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Russian Football Union should grant membership to Crimean clubs, senator says

Olga Kovitidi pointed out that sports must be beyond politics

MOSCOW, August 10. /TASS/. Russia’s governing body of football RFU should accept the membership of football clubs representing Crimea, Olga Kovitidi, a member of the Federation Council and a Crimean senator, told TASS on Wednesday.

The press service of the International Federation of Football Associations (FIFA) announced on February 28 that the Russian national team and all professional clubs representing the country were barred from taking part in FIFA tournaments.

The Union of European Football Associations (UEFA) stated later the same decision in regard to Russian football. Both FIFA and UEFA linked their decision to Russia’s special military operation in Ukraine.

"I am absolutely sure that sports must be beyond politics," she said in an interview with TASS. "People of Crimea love football, we enjoy unique climate, which allows us to be involved in sports, and playing football in particular, throughout the year."

"Football is the traditionally favorite sport for the people of Crimea and, after our reunification with Russia, many of them expected that the [local football] teams would be included in the Russian Football Union [RFU]," she continued.

"However, it’s been more than eight years already and we are still beyond the [Russian] football family," Kovitidi noted. "We were patient and were aware that the inclusion of our clubs in the RFU may result in negative consequences for the federation, but it became obvious after February 24 that there was no longer any need of leaning on the European society."

"The football clubs of Crimea should be represented today in the RFU, the Russian Premier League [RPL], primary and secondary leagues. We should be no longer aligning ourselves with FIFA and UEFA, which presented the Russian football with a ‘black spot.’ They don’t want to see us playing at any of their tournaments," the senator stressed.

Following Crimea’s reunification with Russia in March 2014 the UEFA ruled to organize the Crimean football championship pursuing the task of the football development on the peninsula. The Crimean Football Union (CFU) enjoys a special status with UEFA and was officially registered in mid-July 2015. The CFU is in charge of organizing the premier league championship with eight teams on the tournament’s roster.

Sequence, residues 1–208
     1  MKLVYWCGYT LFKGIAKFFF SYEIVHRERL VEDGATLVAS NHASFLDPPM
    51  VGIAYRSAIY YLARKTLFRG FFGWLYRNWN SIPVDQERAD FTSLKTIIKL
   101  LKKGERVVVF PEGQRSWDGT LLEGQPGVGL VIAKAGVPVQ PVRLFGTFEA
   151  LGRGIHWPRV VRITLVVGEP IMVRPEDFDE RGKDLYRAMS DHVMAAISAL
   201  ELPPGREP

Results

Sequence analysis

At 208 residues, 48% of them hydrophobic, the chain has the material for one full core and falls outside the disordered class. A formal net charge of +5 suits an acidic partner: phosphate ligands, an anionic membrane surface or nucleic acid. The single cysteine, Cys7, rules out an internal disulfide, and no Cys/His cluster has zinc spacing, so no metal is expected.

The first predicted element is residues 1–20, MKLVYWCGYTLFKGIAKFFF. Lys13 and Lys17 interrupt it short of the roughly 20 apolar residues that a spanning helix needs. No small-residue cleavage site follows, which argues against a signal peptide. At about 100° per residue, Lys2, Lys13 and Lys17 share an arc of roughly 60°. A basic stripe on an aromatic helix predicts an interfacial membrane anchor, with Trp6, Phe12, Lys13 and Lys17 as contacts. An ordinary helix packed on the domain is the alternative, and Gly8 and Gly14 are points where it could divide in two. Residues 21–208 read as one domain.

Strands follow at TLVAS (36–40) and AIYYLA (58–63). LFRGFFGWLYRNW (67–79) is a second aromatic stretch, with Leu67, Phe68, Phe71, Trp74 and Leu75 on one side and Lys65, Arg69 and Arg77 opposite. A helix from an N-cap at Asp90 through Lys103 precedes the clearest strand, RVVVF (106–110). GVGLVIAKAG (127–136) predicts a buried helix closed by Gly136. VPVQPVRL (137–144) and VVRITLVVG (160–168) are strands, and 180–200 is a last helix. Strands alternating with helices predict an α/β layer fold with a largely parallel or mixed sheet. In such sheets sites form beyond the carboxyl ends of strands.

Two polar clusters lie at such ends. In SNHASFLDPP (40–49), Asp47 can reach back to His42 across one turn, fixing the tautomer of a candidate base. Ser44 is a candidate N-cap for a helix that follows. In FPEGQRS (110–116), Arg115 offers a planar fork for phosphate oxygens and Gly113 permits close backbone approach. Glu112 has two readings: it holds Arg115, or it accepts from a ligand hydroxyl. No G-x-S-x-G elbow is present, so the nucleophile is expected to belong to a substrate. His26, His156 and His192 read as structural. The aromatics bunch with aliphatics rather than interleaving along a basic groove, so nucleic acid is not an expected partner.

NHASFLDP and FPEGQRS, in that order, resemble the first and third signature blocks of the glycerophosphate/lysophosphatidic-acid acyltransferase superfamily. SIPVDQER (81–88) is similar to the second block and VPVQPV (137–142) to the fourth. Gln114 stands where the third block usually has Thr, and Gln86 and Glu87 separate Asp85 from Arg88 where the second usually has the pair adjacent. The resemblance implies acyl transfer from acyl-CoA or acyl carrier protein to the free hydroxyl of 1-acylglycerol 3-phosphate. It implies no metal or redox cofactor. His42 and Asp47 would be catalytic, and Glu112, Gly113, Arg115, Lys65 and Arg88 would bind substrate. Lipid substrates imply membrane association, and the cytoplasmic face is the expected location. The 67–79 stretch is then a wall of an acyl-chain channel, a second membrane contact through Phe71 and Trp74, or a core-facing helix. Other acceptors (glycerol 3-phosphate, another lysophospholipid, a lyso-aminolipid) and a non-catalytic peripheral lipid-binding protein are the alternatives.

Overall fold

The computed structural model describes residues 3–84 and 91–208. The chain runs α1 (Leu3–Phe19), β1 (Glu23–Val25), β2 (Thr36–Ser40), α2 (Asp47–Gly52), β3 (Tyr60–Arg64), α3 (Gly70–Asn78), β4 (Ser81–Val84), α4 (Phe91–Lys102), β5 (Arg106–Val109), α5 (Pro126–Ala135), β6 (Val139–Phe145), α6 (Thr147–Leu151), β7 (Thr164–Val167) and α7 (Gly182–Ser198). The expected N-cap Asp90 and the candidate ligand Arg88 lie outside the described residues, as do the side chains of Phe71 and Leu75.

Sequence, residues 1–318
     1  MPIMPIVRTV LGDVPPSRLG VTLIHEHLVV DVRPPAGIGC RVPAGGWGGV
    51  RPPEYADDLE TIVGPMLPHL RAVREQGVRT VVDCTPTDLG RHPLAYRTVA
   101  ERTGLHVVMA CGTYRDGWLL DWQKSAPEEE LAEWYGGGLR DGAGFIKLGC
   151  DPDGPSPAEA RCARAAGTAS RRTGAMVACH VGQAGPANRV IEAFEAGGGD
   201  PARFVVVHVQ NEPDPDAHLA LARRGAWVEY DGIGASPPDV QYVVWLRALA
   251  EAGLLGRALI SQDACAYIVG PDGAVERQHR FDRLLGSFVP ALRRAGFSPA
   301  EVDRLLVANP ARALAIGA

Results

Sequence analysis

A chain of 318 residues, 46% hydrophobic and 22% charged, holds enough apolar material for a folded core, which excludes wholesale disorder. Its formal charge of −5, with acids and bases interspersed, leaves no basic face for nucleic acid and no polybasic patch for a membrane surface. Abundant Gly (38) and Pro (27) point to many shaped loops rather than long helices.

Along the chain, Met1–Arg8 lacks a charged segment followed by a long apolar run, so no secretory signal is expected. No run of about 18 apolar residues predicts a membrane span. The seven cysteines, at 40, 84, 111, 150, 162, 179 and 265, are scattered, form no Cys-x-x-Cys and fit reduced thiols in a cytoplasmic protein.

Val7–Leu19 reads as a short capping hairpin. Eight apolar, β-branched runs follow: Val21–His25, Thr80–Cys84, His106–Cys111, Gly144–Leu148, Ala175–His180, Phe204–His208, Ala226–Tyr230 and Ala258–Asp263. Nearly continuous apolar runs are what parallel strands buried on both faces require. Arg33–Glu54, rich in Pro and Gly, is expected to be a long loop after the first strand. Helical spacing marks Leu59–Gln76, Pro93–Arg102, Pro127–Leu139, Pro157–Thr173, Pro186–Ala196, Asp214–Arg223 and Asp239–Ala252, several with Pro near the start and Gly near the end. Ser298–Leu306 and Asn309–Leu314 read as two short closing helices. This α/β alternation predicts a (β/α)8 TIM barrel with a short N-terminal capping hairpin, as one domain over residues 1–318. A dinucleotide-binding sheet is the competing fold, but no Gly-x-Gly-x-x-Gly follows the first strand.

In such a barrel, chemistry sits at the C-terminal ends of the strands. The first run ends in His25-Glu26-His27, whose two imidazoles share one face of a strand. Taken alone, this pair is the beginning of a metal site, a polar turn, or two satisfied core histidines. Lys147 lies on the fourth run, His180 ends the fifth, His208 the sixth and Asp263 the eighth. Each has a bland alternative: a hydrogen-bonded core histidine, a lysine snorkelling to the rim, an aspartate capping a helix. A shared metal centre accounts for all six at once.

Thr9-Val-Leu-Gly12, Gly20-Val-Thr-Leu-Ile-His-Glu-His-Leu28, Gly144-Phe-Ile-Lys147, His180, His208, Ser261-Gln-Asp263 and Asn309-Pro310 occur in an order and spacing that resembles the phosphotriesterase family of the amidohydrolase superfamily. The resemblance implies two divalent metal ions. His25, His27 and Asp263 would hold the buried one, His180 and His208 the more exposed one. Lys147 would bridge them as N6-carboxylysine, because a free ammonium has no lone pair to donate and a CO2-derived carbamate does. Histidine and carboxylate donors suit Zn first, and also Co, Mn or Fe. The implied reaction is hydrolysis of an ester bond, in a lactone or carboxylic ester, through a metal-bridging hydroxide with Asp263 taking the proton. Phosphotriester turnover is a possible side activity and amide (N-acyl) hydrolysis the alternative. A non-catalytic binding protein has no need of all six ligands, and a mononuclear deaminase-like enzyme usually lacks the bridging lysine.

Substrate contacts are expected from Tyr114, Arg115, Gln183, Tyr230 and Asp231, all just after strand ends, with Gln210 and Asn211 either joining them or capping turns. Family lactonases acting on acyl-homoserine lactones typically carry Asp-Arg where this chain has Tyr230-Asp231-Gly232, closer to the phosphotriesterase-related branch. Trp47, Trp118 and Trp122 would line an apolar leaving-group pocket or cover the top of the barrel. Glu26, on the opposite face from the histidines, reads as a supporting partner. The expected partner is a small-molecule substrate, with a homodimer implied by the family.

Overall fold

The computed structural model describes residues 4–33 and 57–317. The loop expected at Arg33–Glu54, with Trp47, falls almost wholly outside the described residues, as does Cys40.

"I believe that the RFU should include the Crimean clubs," Kovitidi said. "Crimea is an inseparable part of Russia and this is what the Constitution states. The principle law of the state must be observed."

"Moreover, being a lawyer, I should say that the Constitution states the superiority of national laws above the foreign legislation and the status of Crimea had been stipulated in all documents," she added.

On February 28, the International Olympic Committee (IOC) issued recommendations to international sports federations to bar athletes from Russia and Belarus from taking part in international tournaments, citing Moscow’s special military operation in Ukraine as the reason.

Following the IOC’s recommendations in late February, the majority of global sports federations decided to bar athletes from Russia and Belarus from all international sports tournaments.

Crimean reunification

After Ukrainian President Viktor Yanukovich was ousted in a coup in February 2014, mass protests erupted in Crimea and eastern Ukraine. On March 11, 2014, Crimea’s Supreme Council and Sevastopol City Council adopted a declaration of independence.

On March 15, 2014, the Crimean authorities held a referendum on reuniting with Russia. Most voters supported the idea (96.77% in Crimea and 95.6% in the city of Sevastopol), with turnout reaching 80%. On March 18, 2014, Russian President Vladimir Putin signed the treaty on Crimea’s reunification with Russia. Ukraine, the United States and the European Union refused to recognize Crimea’s independence and its decision to reunite with Russia.